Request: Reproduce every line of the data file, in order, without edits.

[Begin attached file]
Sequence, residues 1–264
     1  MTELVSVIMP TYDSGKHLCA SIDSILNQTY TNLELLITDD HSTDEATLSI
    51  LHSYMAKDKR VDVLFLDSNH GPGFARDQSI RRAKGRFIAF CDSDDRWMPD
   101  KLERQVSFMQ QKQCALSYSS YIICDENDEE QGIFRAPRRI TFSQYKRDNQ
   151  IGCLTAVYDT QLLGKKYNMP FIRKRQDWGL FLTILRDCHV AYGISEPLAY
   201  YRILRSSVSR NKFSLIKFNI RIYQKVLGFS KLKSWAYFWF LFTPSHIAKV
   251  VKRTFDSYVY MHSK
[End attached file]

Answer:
Sequence, residues 1–264
     1  MTELVSVIMP TYDSGKHLCA SIDSILNQTY TNLELLITDD HSTDEATLSI
    51  LHSYMAKDKR VDVLFLDSNH GPGFARDQSI RRAKGRFIAF CDSDDRWMPD
   101  KLERQVSFMQ QKQCALSYSS YIICDENDEE QGIFRAPRRI TFSQYKRDNQ
   151  IGCLTAVYDT QLLGKKYNMP FIRKRQDWGL FLTILRDCHV AYGISEPLAY
   201  YRILRSSVSR NKFSLIKFNI RIYQKVLGFS KLKSWAYFWF LFTPSHIAKV
   251  VKRTFDSYVY MHSK